Whether regarding skilled care, skilled nursing, or memory care, especially during the pandemic myths have persisted about senior living. This hour, Kelley Smith at CarePartners Senior Living talked about the myths and realities of senior living. This segment focuses on family members who care for a senior loved one. It’s important to understand your role to make sure they have the best quality of life possible. Learn more about CarePartners Senior Living.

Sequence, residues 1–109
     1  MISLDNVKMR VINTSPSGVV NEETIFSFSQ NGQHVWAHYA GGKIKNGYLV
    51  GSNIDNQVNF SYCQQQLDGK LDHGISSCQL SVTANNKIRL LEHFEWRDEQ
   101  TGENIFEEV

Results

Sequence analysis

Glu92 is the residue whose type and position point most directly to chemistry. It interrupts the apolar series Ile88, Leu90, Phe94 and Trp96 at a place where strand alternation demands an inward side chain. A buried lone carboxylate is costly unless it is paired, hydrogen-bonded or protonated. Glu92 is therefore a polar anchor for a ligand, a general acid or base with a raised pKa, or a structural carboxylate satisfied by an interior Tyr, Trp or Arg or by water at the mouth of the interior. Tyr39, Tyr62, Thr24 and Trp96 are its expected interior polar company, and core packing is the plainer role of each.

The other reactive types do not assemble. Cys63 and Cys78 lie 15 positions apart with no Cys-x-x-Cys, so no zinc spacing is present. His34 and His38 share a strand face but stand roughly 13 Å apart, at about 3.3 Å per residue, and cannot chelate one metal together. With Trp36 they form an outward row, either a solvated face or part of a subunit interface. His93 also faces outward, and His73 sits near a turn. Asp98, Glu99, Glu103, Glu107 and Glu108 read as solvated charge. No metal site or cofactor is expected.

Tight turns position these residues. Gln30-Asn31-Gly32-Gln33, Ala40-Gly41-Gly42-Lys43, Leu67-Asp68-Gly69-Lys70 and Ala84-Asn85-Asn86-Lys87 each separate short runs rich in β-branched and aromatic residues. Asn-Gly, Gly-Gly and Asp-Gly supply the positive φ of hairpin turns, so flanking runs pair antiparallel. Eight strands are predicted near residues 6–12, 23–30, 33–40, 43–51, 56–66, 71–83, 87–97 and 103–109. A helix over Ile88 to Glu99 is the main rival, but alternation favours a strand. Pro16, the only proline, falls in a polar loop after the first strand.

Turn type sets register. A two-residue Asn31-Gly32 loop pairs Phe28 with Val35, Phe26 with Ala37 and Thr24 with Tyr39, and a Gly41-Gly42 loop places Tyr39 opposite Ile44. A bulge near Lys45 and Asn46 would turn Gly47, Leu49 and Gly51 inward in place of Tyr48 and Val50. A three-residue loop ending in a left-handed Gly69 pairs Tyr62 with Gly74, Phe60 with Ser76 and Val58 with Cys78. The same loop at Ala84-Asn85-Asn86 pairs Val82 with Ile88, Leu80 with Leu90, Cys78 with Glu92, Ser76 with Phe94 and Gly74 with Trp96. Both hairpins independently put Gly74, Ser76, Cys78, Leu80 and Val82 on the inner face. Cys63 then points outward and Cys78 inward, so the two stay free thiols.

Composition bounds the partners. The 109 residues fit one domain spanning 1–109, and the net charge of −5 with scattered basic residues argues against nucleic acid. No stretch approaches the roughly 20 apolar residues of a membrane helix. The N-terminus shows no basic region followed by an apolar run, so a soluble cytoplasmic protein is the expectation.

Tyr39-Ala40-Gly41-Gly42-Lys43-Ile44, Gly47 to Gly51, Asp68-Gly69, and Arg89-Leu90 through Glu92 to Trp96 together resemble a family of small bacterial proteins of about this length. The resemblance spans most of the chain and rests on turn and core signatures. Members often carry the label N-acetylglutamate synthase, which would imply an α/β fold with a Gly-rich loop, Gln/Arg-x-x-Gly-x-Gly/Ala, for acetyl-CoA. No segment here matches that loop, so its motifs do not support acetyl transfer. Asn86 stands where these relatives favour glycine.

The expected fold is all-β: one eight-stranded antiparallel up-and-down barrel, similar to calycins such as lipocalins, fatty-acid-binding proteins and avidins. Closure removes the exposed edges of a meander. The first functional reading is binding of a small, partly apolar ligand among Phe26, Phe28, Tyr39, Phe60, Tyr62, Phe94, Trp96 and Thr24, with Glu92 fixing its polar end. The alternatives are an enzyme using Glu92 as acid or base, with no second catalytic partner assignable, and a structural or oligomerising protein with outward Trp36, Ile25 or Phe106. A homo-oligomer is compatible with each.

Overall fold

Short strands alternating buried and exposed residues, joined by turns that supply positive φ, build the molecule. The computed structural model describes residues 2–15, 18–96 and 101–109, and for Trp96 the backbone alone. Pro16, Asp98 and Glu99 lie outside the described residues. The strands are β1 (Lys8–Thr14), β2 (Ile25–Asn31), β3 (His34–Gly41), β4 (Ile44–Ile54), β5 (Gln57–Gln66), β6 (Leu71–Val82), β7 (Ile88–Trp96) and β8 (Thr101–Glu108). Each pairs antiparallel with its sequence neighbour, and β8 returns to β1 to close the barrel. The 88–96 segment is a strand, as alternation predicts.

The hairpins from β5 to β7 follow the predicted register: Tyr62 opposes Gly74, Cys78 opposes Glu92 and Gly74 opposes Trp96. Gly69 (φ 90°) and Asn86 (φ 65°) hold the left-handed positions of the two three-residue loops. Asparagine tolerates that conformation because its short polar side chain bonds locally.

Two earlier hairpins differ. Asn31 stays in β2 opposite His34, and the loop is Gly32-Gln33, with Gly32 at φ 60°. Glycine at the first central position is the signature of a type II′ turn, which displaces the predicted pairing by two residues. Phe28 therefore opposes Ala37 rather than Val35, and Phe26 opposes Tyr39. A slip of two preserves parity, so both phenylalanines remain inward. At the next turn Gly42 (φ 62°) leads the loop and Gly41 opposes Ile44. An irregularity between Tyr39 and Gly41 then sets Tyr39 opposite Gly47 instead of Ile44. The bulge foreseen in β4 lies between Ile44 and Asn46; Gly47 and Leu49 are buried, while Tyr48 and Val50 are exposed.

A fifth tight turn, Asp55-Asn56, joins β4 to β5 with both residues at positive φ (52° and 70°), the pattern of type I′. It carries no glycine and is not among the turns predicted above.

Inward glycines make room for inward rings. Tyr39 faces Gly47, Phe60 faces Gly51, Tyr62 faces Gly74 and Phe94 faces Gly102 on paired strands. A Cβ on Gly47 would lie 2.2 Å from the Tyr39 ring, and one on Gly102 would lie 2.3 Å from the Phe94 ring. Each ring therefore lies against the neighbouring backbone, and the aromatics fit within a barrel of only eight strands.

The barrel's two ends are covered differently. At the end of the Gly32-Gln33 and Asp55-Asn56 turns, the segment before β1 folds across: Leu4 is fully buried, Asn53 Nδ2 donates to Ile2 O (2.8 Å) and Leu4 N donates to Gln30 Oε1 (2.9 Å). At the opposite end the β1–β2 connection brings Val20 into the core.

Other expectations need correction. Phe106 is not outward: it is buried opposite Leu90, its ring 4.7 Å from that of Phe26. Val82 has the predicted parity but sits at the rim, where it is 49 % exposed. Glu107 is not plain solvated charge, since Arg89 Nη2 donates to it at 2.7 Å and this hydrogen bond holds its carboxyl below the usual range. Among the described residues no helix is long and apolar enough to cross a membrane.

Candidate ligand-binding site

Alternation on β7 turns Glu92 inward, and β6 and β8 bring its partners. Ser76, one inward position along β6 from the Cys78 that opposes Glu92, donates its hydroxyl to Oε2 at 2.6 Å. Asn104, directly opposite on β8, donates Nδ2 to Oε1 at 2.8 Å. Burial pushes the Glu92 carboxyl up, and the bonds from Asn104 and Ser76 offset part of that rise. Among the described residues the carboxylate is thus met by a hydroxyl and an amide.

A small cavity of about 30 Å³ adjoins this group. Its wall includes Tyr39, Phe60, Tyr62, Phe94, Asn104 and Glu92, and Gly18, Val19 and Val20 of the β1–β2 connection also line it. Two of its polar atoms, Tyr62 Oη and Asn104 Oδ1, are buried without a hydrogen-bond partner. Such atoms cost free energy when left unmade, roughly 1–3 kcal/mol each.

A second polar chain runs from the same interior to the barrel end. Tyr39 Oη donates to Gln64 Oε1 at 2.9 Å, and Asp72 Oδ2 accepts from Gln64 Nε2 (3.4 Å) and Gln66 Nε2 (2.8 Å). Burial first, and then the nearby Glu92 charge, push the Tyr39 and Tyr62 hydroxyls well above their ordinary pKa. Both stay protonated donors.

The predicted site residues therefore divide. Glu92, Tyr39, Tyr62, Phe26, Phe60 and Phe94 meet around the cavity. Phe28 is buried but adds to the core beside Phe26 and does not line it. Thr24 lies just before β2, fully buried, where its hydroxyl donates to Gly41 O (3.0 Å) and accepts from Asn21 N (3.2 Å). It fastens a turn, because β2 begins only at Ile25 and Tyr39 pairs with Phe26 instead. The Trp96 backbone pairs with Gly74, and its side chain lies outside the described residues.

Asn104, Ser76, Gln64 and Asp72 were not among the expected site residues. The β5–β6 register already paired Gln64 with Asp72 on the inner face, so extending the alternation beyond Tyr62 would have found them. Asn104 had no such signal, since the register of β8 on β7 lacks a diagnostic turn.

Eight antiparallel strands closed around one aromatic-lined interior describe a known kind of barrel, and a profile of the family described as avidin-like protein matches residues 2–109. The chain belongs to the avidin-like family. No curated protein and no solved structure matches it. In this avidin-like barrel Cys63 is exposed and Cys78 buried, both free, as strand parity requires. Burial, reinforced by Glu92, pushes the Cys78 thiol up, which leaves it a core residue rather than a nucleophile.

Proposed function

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*The following is the output of transcribing from an audio recording. Although the transcription is largely accurate, in some cases it is incomplete or inaccurate due to inaudible passages or transcription errors.